Advanced Micro Devices Inc.’s stock surged to close at a fresh record Wednesday after the chip company’s strong second quarter and outlook signaled a sea change in the semiconductor market following Intel Corp.’s announced delays of next-generation chips last week.
AMD shares rallied to close up nearly 13% at a record $76.09, after reaching an all-time high of $77.19 during Wednesday’s session.
For the year, AMD shares are up 66%, compared with a 14% gain for the PHLX Semiconductor Index, an 18% gain for the tech-heavy Nasdaq Composite Index, and a 0.9% rise by the S&P 500 index.
Late Tuesday, AMD topped Wall Street estimates on its quarterly results and outlook, boosting a full-year outlook that had been considered optimistic even before the COVID-19 pandemic hit.
Analysts, on average, raised their revenue estimates for AMD to $2.49 billion from $2.31 billion for the third quarter after AMD forecast sales of $2.45 billion to $2.65 billion. For the year, Wall Street sees revenue of $8.72 billion, up from a previous estimate of $8.4 billion, after AMD forecast annual sales of roughly $8.88 billion.
Susquehanna Financial analyst Christopher Rolland upgraded AMD to a positive rating from neutral because the company was “capitalizing on Intel’s 7-nm faceplant.” Rolland also hiked his price target to $85 from $64.
Rolland was referring to last week’s surprise announcement that Intel Corp. was delaying the release of its 7-nanometer chips until at least late 2022 because of manufacturing issues. Intel shares shed 2.4% to close at $48.07 Wednesday, and are down nearly 20% on the year.
In chip parlance, nanometers, or nm, refers to the size of the transistors that go on a computer chip, with the general rule being that smaller transistors are faster and more efficient in using power. AMD, on the other hand, already sells 7-nm chips, and has spent 2020 releasing more and more versions of them.
Rolland sees AMD capturing 20% share of servers by 2023, following an announcement from the company that it reached its goal of “double-digit” market share of the server market. By 2023, Rolland also sees AMD capturing 35% of the notebook market, up from the current 20%; 40% of desktops, up from 20%; and 10% share of data-center GPUs, up from 3% today.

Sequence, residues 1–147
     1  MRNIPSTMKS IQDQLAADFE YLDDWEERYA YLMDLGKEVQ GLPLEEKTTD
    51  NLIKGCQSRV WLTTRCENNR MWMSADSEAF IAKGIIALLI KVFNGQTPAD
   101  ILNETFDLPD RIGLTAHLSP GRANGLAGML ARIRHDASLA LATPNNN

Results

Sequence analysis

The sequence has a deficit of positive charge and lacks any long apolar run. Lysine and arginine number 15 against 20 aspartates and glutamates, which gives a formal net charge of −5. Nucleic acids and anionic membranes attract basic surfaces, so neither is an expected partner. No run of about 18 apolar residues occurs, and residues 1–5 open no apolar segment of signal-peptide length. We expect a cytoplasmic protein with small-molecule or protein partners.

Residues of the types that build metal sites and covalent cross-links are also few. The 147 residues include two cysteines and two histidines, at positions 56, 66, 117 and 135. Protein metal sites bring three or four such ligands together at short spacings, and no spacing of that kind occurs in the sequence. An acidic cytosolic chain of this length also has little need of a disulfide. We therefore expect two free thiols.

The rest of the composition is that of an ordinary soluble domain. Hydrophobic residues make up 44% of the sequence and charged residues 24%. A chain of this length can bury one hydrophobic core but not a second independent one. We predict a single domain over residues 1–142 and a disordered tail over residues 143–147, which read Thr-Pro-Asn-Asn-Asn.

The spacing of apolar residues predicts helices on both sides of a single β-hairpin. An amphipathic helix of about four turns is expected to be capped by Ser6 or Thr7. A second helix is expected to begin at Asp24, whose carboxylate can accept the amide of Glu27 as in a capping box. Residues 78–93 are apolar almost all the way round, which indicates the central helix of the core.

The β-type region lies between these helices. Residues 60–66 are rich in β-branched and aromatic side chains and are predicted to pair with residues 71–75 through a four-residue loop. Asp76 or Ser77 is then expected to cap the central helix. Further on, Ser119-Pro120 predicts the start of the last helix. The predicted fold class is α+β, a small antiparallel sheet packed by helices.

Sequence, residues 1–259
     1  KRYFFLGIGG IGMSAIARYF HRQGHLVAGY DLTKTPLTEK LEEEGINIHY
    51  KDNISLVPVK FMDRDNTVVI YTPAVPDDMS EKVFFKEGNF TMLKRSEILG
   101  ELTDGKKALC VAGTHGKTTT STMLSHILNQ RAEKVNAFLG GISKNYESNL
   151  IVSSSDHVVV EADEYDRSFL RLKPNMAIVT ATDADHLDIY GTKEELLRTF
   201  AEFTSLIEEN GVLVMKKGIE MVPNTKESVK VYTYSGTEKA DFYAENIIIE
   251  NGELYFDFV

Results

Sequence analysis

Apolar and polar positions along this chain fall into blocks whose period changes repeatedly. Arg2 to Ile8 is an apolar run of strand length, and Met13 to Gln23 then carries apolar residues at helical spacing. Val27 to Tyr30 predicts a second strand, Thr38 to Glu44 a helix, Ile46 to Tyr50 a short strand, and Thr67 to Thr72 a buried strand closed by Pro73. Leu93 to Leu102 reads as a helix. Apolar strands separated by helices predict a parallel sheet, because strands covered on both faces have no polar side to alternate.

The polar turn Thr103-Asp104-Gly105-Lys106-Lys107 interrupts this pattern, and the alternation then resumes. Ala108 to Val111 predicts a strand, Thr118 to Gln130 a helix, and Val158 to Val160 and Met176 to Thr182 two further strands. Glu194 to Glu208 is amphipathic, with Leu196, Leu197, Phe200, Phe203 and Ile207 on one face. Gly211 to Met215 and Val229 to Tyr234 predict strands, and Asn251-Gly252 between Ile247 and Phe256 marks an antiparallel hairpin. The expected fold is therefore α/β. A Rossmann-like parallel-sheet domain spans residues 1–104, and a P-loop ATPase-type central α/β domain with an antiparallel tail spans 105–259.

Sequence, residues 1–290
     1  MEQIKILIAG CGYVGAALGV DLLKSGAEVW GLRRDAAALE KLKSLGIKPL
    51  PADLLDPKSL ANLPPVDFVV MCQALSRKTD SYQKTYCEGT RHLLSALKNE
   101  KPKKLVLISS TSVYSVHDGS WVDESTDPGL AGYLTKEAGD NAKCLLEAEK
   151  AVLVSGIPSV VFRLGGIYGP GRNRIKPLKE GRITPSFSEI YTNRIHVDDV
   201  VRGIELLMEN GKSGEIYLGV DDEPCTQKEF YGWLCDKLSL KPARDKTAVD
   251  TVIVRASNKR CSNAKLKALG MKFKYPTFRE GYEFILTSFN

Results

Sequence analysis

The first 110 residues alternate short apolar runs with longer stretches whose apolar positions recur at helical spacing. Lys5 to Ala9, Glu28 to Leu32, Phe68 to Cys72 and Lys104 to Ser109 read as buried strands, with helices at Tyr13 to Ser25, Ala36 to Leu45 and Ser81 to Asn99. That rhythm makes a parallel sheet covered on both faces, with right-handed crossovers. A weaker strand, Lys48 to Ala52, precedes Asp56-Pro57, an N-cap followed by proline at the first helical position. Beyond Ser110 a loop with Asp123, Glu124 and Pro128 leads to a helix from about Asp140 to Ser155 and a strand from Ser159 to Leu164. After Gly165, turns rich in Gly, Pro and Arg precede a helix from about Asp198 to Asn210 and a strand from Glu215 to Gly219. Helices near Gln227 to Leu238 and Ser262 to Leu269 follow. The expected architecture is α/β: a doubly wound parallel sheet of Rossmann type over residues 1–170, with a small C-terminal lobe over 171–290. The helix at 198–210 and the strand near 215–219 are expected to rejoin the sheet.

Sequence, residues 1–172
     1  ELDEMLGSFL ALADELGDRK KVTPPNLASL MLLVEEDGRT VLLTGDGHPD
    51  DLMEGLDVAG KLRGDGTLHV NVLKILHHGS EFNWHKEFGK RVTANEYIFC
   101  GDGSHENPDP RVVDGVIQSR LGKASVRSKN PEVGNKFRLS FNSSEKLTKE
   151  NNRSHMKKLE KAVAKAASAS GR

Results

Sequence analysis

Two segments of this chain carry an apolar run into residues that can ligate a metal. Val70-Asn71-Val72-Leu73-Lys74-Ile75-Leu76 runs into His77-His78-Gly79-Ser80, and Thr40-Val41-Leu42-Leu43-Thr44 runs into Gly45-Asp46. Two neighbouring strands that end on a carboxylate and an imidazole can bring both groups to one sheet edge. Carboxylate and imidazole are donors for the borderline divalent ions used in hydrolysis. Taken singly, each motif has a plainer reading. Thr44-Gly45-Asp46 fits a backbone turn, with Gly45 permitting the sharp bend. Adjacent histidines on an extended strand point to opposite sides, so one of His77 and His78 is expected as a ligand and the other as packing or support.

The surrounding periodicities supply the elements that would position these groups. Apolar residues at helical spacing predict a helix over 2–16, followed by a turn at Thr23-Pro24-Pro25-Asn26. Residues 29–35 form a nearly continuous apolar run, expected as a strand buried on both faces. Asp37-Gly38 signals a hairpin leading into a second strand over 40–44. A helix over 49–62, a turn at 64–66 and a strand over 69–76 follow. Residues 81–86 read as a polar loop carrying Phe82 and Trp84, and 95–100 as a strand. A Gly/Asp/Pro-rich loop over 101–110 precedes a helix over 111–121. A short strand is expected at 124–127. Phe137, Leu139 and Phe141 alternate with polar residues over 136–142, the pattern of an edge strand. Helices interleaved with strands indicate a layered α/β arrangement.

Of the 36 analysts who cover AMD, 14 have overweight or buy ratings, 19 have hold ratings, and three have sell ratings. Of those, 20 hiked their price targets on the stock, resulting in an average price target of $70.68, up from an average of $55.48, according to FactSet data.
Bernstein analyst Stacy Rasgon, who has a market perform rating on AMD and raised his price target to $70 from $45, said that while some critics could complain that AMD’s operating expenses are limiting earnings per share, now is the time for the company to invest in its operations, “given it is critical for them to cement their positioning in the wake of Intel’s struggles.”
“And to that end, the emerging reversal of fortunes between the two companies is entering into the realm of the mind-boggling as AMD for a change appears ascendant, while their larger competitor flounders,” Rasgon said.
Jefferies analyst Mark Lipacis, who has a buy rating and raised his price target to $86 from $63, called the second quarter a “watershed” event for AMD, in that he expects AMD’s share gains on Intel to quicken.
Cowen analyst Matthew Ramsay, who has an outperform rating and raised his price target to $90 from $65, said AMD’s “strong results and (more importantly) consistency of product execution stood in stark contrast to Intel’s roadmap stumbles.”
“Though significant progress to date, we believe AMD’s share gains are just beginning to play out in the market with 7nm server, desktop and GPU products all launched over the last few quarters and 7nm notebook even more recently,” Ramsay said.
Oppenheimer analyst Rick Schafer, in a note titled “Let the Games Begin!,” said that while AMD was a “compelling growth” story, he was going to wait on the sidelines because of the high valuation of the stock. Schafer has a perform rating on AMD.
Schafer cautioned that while he thinks AMD can continue to grow its share in the server market, “further gains may be limited given tight 7-nm availability” at Taiwan Semiconductor Manufacturing Co., which manufactures AMD’s chips. American depositary receipts of TSMC surged 7.5% Wednesday to close at $82.67.